Be My Witnesses

Be My Witnesses: The Church's Mission, Message, and Messengers

Darrell L. Guder, William B. Eerdmans Publishing Company, Grand Rapids, Michigan, 1985, 236 pages, $10.95, paper.

Reviewed by Dr. DeWitt S. Williams, associate director, Health and Temperance Department, General Conference.

The author of Be My Witnesses has served as college administrator, pastor, and professor in the United States and Europe. From this broad experience he brings us an image of the church as a blemished and disappointing movement, but one that God is not finished with yet. It can still reveal who Christ is and what He does. Scripture is the written witness, and human beings His visible witnesses.

The saints who make up the church within the grand sweep of salvation history are agents by whom the message of God's reconciling actions will be made known to the world. At Pentecost His church was empowered, and is still empowered, to carry out its assigned mission. This is in spite of the vast institutions of today, characterized by their familiar drawbacks: complexity, bureaucracy, power brokering, politics, resistance to change, commitment to status quo, etc.

Guder points out that the church should be more like the tabernacle than the temple of the old covenant. The temple is unmovable, a center for religious activity. It tends to be an end in itself, a massive, expensive, complex institution whose commitment is to its own continuation. Tabernacles, however, are unique as an expression of faith. The tent of the old covenant was not permanent, but moved with the people wherever they followed God's leading into new territory. The tabernacle constantly focused people upon God's actions, His presence in their midst, His will and direction.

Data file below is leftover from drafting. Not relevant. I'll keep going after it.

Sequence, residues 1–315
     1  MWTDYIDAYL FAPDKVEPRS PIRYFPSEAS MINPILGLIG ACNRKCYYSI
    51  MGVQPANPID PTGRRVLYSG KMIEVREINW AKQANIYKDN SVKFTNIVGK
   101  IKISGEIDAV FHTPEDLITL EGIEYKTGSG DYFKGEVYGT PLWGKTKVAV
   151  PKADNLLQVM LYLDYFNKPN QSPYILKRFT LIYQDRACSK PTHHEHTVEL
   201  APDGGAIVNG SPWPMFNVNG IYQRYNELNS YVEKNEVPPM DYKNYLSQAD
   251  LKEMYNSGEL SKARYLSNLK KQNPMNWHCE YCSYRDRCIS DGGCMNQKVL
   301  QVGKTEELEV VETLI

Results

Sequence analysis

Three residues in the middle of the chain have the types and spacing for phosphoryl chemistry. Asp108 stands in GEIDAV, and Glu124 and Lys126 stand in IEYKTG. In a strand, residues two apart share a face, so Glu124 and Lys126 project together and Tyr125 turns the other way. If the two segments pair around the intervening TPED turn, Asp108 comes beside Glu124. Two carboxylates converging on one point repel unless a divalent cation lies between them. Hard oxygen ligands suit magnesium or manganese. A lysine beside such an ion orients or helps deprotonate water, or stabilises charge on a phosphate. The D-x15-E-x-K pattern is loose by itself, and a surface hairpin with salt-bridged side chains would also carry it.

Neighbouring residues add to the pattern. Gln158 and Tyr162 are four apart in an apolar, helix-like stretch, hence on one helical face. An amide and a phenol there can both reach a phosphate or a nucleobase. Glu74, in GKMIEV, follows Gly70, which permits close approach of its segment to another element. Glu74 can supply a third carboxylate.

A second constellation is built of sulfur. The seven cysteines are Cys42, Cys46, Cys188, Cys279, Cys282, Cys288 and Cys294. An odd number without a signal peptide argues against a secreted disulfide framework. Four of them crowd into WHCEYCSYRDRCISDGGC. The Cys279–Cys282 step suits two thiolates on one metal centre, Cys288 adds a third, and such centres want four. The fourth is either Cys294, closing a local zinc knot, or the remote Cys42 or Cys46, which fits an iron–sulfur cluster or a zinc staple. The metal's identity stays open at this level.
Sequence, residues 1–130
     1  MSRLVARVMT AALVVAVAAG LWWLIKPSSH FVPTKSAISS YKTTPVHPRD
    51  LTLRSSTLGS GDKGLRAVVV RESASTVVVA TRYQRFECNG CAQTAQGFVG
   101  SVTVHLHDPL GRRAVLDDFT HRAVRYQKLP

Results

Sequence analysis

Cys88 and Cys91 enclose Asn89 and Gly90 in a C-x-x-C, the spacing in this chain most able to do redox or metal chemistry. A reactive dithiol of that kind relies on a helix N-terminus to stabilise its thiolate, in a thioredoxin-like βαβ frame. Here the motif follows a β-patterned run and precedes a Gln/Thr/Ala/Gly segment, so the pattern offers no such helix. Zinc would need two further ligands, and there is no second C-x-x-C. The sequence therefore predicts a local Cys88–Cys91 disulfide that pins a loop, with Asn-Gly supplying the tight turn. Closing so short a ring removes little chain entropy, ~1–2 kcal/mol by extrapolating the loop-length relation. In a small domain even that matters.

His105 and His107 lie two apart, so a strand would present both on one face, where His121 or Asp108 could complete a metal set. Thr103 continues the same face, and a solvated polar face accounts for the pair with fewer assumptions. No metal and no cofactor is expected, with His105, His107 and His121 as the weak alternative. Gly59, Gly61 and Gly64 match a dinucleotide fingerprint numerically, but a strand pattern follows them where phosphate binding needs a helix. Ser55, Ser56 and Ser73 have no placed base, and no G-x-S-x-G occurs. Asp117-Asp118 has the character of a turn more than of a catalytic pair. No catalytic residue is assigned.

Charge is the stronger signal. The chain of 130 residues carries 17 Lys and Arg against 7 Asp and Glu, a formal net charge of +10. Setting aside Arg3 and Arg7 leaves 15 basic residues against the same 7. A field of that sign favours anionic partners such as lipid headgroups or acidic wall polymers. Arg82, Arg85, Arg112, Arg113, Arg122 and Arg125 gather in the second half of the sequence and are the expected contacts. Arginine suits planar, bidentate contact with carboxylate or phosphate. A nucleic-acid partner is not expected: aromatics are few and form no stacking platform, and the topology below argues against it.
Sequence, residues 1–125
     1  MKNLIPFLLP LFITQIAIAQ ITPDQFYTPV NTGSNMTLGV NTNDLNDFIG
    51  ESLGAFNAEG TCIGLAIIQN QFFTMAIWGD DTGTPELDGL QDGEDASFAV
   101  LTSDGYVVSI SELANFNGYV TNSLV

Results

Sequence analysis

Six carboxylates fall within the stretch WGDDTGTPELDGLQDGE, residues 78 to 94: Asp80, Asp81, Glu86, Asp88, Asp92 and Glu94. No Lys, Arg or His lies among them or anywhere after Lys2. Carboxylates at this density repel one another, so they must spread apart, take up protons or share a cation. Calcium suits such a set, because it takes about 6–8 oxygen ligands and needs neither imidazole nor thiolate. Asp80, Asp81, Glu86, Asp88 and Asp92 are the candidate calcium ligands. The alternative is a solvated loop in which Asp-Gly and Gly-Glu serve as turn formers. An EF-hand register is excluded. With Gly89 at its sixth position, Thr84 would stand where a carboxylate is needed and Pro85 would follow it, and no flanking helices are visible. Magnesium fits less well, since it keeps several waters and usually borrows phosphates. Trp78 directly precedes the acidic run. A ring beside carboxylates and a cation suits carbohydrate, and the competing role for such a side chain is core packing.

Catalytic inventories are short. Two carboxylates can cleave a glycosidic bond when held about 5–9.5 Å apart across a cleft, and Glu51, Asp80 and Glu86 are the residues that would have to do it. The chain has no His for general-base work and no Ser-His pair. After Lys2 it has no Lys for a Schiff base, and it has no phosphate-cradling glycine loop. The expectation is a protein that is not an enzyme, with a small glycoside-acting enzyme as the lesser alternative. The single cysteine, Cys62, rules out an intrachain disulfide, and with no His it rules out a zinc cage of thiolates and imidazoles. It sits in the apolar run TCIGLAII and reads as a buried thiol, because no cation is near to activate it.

Emphasizing the church's need to be in the world but not of the world, Guder looks at that strategic comma (Eph. 4:11, 12). The comma indicates that the organizational chart of the church should be an inverted pyramid, with the broader section at the top representing members, while the specialized ministers should be servants of the servants of God. The hope, too, is that members will come to understand themselves, not as consumers of religious services, but as partners in ministry.

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Reviewed by Dr. DeWitt S. Williams, associate director, Health and Temperance Department, General Conference.

February 1988

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